The bankers are trying to mend fences. "An unprecedented meeting" between Bank of Ireland boss Richie Boucher, Ulster Bank's Jim Brown, the Permo's Jeremy Masding and Law Society bods including director general Ken Murphy took place in late June. The sunny Blackhall Place dinner was aimed at "resetting" relations between the bankers and the legal professional that made so much money from the banks during the boom. Relations became considerably more frosty with the likes of jailed solicitor Thomas Byrne making headlines. There was also the uncomfortable situation where the banks unleashed their own lawyers on several law firms relating to duff property deals. Just as horrible was the fact that the banks put in receivers into some high-profile solicitors' investments.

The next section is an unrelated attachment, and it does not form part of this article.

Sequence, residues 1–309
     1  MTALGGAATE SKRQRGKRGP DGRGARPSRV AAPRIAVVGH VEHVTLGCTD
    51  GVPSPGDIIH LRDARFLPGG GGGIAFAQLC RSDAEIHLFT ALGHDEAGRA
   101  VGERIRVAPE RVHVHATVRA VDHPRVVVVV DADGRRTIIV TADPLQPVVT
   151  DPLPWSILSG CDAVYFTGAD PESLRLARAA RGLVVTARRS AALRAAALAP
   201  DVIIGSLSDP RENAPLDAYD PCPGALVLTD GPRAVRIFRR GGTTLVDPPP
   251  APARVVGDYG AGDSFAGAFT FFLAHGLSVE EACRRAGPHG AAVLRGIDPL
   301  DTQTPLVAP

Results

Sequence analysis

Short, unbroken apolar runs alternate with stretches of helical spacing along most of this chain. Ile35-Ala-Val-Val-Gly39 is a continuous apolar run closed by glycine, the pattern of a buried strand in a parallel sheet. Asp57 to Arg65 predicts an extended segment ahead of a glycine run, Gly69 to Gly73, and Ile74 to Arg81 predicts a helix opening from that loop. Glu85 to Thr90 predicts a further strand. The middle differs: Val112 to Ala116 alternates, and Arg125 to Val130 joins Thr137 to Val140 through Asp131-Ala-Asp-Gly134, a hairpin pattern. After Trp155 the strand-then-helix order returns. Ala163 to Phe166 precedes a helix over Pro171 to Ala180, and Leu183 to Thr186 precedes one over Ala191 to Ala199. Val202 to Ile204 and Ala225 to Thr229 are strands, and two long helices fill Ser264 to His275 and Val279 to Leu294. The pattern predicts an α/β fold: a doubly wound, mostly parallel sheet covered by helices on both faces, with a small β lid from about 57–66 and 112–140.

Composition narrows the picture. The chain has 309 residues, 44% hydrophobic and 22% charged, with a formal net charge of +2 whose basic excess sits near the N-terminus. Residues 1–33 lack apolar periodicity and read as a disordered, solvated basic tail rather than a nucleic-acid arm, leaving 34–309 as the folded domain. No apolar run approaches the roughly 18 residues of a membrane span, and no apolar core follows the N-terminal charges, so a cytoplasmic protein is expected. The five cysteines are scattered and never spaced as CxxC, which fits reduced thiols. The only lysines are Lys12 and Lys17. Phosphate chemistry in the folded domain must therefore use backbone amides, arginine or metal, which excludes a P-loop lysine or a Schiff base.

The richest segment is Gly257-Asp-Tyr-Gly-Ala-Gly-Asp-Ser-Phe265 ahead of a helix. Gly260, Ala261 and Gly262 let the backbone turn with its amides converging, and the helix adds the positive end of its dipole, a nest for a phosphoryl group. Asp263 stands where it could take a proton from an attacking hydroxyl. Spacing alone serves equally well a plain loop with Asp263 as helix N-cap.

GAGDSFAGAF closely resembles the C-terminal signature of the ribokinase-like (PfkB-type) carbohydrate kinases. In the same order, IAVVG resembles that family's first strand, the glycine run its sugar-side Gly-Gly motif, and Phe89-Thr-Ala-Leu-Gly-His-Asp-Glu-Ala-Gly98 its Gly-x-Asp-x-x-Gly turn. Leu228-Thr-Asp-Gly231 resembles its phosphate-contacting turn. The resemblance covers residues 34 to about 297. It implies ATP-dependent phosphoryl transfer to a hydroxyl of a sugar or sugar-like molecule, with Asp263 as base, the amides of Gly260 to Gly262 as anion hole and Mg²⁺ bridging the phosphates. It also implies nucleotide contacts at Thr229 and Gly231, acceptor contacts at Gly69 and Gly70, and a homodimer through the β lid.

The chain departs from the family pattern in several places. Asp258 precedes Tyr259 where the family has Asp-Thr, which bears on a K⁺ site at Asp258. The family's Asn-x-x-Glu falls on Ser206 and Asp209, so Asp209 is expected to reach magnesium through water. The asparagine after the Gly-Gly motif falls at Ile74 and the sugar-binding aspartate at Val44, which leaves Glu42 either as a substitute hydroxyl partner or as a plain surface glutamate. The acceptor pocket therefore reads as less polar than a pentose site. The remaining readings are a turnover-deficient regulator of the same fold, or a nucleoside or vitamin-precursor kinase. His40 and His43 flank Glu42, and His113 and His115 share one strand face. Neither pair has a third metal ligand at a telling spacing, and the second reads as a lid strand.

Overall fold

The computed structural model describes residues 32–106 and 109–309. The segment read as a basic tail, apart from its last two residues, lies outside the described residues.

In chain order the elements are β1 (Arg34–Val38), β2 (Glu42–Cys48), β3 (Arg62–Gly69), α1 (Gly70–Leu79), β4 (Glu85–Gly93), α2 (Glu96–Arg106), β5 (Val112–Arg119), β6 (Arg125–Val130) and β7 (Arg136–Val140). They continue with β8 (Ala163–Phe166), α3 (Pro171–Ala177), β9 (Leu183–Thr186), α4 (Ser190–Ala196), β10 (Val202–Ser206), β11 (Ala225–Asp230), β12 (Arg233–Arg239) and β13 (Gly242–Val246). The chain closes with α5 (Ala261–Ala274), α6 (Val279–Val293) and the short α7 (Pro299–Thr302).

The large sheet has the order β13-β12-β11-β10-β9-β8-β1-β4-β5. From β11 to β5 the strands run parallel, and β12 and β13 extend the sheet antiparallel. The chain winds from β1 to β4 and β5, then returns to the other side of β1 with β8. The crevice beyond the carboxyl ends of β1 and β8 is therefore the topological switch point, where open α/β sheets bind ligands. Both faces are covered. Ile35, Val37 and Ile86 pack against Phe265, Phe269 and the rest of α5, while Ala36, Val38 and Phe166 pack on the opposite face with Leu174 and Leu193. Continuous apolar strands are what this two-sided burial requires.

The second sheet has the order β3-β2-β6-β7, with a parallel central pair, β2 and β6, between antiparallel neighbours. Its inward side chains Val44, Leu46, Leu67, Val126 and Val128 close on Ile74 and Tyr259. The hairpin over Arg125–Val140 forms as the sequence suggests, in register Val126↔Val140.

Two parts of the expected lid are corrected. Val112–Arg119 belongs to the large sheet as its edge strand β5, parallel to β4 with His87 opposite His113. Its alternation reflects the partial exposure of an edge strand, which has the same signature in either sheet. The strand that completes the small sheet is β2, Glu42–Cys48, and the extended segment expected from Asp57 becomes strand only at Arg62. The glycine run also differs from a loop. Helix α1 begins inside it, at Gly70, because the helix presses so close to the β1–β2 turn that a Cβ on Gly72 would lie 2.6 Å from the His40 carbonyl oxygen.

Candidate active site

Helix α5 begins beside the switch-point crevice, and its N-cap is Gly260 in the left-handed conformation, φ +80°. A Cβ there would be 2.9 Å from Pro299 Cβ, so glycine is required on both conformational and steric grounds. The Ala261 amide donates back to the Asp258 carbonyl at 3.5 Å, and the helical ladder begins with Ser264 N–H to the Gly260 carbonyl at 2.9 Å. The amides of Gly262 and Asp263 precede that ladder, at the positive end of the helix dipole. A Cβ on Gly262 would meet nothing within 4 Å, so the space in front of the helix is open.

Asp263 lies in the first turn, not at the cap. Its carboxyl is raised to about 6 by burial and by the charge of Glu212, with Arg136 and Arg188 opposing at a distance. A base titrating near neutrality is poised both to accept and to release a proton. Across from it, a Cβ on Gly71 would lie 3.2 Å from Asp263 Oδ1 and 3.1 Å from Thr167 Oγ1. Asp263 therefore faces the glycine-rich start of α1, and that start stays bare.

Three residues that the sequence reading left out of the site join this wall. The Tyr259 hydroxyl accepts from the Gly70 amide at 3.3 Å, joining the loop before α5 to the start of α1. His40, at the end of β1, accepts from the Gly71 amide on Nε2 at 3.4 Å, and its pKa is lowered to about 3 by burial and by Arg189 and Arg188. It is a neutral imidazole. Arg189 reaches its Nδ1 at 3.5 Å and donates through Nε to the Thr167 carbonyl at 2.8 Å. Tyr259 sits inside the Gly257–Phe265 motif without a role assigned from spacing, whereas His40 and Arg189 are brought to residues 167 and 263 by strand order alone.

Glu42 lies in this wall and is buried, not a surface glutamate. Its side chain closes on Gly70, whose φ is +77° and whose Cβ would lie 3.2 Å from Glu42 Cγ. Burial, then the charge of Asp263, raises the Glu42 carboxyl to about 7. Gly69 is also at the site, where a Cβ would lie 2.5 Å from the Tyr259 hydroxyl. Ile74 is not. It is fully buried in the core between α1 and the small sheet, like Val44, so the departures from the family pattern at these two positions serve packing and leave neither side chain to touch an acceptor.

AIB's David Duffy "was prevented by an emergency board meeting from attending the meeting," according to the latest Law Society Gazette. He subsequently attended "a lunch" at Blackhall Place and was "equally enthusiastic that the long-standing issues between the Irish Banking Federation and various Law Society Committees be reviewed afresh and resolved, if at all possible." The increasing chumminess between the banks and the legal community are another sign of recovery. Next they'll be shovelling money at them for investments again. Bulgarian apartments anyone?
Katie Taylor in the ring with 'The Heat' after Glanbia deal
Things are going to get very crowded in the Glanbia stable after chief executive Siobhan Talbot dropped $153m to buy US sports nutrition group Isopure last week. Glanbia is ramping up its presence in the sector, with its products and brands used to bulk up by bodybuilders and sports stars. It was pipped by rival Hormel Foods in the long running battle to buy the €360m Muscle Milk brand last month. The deal for Isopure brings new products to the Kilkenny headquartered food company but it also brings some big names sports stars into the portfolio.